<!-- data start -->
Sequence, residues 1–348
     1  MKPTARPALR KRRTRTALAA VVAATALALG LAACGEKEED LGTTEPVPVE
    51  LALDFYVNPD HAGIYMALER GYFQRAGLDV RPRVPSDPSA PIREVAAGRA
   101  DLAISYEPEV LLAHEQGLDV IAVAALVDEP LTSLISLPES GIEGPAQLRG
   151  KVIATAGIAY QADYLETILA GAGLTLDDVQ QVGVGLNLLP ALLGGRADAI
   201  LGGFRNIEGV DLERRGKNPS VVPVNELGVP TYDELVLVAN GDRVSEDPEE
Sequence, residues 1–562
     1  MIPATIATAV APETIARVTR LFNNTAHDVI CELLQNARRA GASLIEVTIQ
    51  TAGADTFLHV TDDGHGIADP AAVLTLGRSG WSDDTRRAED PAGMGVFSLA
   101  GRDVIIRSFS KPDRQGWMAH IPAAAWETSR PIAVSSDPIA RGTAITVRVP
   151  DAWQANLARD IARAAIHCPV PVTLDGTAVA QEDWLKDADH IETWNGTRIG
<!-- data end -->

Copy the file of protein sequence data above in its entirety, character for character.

Sequence, residues 1–348
     1  MKPTARPALR KRRTRTALAA VVAATALALG LAACGEKEED LGTTEPVPVE
    51  LALDFYVNPD HAGIYMALER GYFQRAGLDV RPRVPSDPSA PIREVAAGRA
   101  DLAISYEPEV LLAHEQGLDV IAVAALVDEP LTSLISLPES GIEGPAQLRG
   151  KVIATAGIAY QADYLETILA GAGLTLDDVQ QVGVGLNLLP ALLGGRADAI
   201  LGGFRNIEGV DLERRGKNPS VVPVNELGVP TYDELVLVAN GDRVSEDPEE
Sequence, residues 1–562
     1  MIPATIATAV APETIARVTR LFNNTAHDVI CELLQNARRA GASLIEVTIQ
    51  TAGADTFLHV TDDGHGIADP AAVLTLGRSG WSDDTRRAED PAGMGVFSLA
   101  GRDVIIRSFS KPDRQGWMAH IPAAAWETSR PIAVSSDPIA RGTAITVRVP
   151  DAWQANLARD IARAAIHCPV PVTLDGTAVA QEDWLKDADH IETWNGTRIG